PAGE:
A recent WEI study says that 64% of IT leaders cite improved data security for their organization as their top objective over the next 12 months. And for good reason. As technology continues to evolve, it’s not a matter of if an enterprise will have a ransomware attack but when it will happen. With technological advances, it’s not just enterprises that benefit — cyber criminals do as well.
It seems like we never have enough time to get everything done that we need to do during our time off. Before you know it, the weekend’s over and there’s still items left on our ‘to-do’ list. That’s certainly the way it is for enterprise backups. If you’re a backup administrator, you know the routine too well. Full and incremental backups take an enormous amount of time. They also consume a lot of resources and bandwidth. Because of their negative impact on production environments, we schedule backup jobs during off-peak hours. The problem is that window just never seems to be quite long enough and with burgeoning data repositories and an expanding application portfolio, that window seems to only get smaller. Face it, scheduling backups in the hope they complete in time without interfering with one another is stressful. Administrators can only hope the last backup job completes before users begin to trickle in Monday morning. If not, users will be competing with those same backup jobs for network bandwidth and server utilization resources and the help desk phones begin to ring.
As storage volumes continue to grow and enterprises make use of secondary storage to manage corporate data, they also need to backup these storage solutions. However, incorporating secondary storage into an enterprise-wide backup and recovery strategy is not always simple.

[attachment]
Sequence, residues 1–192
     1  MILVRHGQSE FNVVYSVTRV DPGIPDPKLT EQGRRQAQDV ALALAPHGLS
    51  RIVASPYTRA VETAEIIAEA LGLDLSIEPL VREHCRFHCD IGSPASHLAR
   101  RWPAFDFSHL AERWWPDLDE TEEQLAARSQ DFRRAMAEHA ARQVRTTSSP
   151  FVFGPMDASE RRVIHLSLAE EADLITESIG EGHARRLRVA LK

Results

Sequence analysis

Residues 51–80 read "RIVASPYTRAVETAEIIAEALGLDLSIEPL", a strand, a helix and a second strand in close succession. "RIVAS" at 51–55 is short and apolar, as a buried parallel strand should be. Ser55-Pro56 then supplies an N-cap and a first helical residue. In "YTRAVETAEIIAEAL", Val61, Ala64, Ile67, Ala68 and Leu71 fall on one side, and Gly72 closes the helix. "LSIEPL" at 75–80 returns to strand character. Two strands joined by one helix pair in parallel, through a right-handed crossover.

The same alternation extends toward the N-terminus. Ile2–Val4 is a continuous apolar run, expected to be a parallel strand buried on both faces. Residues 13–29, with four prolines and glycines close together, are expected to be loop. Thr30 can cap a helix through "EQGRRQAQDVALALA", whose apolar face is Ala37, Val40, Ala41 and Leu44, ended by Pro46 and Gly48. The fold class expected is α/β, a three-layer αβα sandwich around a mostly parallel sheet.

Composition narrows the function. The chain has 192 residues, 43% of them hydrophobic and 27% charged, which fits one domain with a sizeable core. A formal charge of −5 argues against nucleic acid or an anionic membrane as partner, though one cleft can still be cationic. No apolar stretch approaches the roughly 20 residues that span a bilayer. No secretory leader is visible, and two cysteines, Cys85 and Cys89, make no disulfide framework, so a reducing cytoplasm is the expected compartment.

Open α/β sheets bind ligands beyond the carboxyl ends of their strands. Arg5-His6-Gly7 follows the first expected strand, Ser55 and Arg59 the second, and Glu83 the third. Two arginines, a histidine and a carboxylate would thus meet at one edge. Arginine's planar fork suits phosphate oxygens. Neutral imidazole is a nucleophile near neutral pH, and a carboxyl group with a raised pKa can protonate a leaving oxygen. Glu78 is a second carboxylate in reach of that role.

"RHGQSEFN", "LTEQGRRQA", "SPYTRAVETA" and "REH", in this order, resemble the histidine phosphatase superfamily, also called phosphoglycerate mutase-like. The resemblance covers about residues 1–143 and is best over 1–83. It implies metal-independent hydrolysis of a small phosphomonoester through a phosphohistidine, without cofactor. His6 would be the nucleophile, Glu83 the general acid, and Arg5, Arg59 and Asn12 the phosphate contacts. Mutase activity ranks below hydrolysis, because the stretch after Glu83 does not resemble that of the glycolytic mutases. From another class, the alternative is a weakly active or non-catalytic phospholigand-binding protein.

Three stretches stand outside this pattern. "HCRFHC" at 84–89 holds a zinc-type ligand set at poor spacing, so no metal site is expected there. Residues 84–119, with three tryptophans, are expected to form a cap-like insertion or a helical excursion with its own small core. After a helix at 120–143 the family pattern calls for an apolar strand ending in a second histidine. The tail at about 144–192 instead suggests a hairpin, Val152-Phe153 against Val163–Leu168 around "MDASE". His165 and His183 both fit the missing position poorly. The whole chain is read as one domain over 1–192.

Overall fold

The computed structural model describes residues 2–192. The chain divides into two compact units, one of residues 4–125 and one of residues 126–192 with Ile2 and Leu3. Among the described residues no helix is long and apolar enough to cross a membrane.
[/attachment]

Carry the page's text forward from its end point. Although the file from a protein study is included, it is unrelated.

When it comes to pieces of the IT puzzle where skimping or going with the option that’s just ‘good enough’ will inevitably come back to haunt you, backup and disaster recovery tops the list.
Whatever you need, we’ll make it work.
Each Friday you can expect to see a new "Industry Info to Know" blog post from WEI consisting of a roundup of articles from industry experts, analysts, and our partners that we find insightful and helpful. We will also include links to industry news that you need to know about—news that will impact your business so you can plan ahead for it. We all need to help each other right now—we're all in IT together.
Many organizations are intrigued by the concept of Disaster Recovery as a Service (DRaaS). The biggest lure? You may no longer have to pay capital costs to set up and staff a secondary data center in order to recover systems after a disaster. In the days before cloud, having dual data center sites was one of the few ways to ensure rapid recovery of systems after a disaster. However, due to its cost, it was an option typically reserved for large companies or those in highly regulated fields. Disaster Recovery as a Service now makes secondary storage available to many small-to-midrange organizations, and what’s more, DRaaS providers offer many different variations on the theme of cloud-based recovery. [click to tweet]
If a disaster were to hit your enterprise, would your data be protected? This information is the backbone of your organization so hopefully the answer to the questions is yes. However, if your disaster recovery plan is not what you would like it to be, or if it’s missing all together, it’s not too late to protect your data in the event of disaster.
Many technology solutions pride themselves on reducing an organization’s instances of unplanned downtime, since this can be a big drain on company resources and productivity. That’s why IT managers may be surprised to learn there is a happy medium somewhere between unacceptable downtime and zero downtime.
If organizations weren’t serious about tightening their cybersecurity strategy to combat ransomware within the past sixteen months, the mammoth WannaCry attack launched against the world on Friday, May 12, 2017 has certainly induced them to do so. Like most enterprise security threats, there are multiple ways to combat ransomware. Some methods are more intrusive than others though.
We recently went over some common high availability (HA) architectures and solutions that can transform your organization’s technology approach. While high availability can provide the flexibility and reliability that you’re seeking for backup and recovery solutions, it can only do so when implemented properly. Below are some ways to avoid three common missteps.